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Doing Life Together

ID-100105897Jack was the victim of child abuse growing up. Then, his mother died and he became a ward of the state, in and out of foster homes. His childhood was not only filled with abuse and trauma, but abandonment. As an adult, he suffered from depression and anxiety.

Many people have stories like Jack’s –some less traumatic like growing up in a home with a depressed mom, an alcoholic dad, critical parents who fought continuously,etc. We know the psychological and emotional fall out of such events, but what about the physical effects of trauma, abuse, and psychiatric disorders?

A new study gives credence to the idea that a rough childhood ages a person on the cellular level. The study published in Biological Psychiatry looked at 299 healthy adults and assessed them for  psychiatric disorder diagnoses and childhood histories of  adversity like abuse, neglect and parental loss.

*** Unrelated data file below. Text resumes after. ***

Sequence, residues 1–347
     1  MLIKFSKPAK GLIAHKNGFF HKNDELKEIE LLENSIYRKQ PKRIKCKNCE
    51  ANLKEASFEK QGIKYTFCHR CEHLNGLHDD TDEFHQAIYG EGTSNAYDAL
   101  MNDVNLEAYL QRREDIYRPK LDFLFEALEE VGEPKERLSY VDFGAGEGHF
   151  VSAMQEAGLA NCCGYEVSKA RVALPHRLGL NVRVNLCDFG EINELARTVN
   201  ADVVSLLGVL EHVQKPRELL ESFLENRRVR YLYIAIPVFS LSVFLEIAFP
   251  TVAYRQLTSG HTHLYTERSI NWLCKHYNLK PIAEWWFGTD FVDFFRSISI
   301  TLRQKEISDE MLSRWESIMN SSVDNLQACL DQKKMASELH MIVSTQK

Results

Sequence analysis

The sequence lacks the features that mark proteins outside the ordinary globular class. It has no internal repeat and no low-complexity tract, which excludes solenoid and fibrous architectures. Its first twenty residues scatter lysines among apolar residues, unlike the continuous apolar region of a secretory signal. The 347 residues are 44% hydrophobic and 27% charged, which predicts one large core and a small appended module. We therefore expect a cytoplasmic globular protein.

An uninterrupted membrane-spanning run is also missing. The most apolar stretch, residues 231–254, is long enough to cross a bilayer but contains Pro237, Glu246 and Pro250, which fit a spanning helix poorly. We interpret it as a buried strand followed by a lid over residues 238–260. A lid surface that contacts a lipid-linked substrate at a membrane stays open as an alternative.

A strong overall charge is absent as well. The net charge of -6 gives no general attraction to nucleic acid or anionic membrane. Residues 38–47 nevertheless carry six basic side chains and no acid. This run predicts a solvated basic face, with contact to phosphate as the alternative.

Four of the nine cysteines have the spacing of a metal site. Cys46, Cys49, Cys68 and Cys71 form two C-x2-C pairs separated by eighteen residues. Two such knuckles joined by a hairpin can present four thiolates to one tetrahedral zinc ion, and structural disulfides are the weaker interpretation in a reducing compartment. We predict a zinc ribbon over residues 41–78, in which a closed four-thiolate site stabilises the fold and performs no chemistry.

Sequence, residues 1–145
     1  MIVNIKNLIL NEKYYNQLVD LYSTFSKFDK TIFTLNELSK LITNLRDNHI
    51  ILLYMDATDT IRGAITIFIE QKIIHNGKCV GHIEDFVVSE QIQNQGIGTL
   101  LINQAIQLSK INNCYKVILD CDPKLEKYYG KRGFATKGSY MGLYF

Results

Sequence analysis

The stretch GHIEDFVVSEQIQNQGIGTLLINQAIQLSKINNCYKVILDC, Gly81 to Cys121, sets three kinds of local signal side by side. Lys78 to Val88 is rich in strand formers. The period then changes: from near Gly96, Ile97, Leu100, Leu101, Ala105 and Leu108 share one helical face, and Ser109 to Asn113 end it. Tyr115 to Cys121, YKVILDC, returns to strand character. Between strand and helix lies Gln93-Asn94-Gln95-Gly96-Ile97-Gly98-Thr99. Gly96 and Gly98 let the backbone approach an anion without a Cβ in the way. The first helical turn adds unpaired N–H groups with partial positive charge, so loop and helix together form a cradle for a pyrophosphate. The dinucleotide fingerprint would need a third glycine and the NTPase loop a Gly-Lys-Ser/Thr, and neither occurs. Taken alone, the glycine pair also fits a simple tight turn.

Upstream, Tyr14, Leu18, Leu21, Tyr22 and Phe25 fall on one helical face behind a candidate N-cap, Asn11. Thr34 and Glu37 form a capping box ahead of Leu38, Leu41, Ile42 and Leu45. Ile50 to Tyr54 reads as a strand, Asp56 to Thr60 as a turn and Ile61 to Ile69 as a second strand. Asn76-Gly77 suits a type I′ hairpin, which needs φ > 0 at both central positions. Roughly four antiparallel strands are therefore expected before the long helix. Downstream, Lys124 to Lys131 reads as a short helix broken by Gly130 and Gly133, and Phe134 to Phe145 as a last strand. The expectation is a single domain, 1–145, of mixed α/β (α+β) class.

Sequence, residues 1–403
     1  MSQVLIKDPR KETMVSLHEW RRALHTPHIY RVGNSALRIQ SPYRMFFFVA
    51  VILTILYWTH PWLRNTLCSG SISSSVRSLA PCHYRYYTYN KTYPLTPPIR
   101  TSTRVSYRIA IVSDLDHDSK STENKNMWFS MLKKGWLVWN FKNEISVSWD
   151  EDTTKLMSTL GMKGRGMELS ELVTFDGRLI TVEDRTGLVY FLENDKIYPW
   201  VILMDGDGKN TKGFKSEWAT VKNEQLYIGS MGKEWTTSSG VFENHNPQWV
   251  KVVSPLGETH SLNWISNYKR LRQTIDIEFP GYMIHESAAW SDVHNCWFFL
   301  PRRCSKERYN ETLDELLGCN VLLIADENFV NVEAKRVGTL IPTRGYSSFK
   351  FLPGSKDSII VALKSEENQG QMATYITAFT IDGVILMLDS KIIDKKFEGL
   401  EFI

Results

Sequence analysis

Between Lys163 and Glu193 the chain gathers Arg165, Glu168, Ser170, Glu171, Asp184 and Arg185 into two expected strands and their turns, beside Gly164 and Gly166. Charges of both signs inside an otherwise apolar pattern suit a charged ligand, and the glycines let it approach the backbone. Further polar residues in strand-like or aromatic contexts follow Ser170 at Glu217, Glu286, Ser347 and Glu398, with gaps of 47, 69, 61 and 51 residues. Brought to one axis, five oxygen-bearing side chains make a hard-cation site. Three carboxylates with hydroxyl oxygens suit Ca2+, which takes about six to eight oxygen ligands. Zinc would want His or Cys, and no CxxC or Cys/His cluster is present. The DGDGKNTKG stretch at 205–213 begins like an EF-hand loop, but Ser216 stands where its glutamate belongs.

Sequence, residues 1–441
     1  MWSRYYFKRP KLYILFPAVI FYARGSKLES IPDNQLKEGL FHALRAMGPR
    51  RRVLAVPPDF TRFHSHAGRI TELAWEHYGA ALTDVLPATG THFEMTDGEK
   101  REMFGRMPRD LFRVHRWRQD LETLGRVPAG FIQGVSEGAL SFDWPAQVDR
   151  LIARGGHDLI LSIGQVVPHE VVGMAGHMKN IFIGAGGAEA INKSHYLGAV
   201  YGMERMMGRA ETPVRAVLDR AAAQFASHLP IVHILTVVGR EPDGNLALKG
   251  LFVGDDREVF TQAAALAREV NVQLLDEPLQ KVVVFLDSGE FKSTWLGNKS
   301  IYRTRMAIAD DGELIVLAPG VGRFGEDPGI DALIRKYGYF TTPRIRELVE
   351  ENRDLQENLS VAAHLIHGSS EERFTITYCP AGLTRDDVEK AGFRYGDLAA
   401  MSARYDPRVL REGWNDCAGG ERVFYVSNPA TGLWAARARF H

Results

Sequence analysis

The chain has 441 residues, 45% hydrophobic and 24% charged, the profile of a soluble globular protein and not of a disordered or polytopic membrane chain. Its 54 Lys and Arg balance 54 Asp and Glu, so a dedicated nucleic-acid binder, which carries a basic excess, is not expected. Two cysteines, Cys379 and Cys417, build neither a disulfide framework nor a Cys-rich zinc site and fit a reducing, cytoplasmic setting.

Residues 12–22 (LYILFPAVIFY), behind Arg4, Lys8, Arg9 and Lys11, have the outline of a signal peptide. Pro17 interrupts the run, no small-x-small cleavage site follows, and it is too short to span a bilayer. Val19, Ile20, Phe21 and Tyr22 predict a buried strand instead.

What researchers found was that childhood stress and psychiatric disorders were linked to cellular changes, especially those who experienced major depression and anxiety disorders, parental loss or childhood maltreatment. When researchers analyzed DNA,  specific cellular changes important to the aging process were found. Thus, childhood adversity may accelerate the aging process.

This study supports the idea that we have to be better at preventing childhood maltreatment and help children deal with significant loss and trauma at an early age.

 

Source: Audrey R. Tyrka, Stephanie H. Parade, Lawrence H. Price, Hung-Teh Kao, Barbara Porton, Noah S. Philip, Emma S. Welch, Linda L. Carpenter. Alterations of Mitochondrial DNA Copy Number and Telomere Length with Early Adversity and Psychopathology. Biological Psychiatry, 2015; DOI: 10.1016/j.biopsych.2014.12.025

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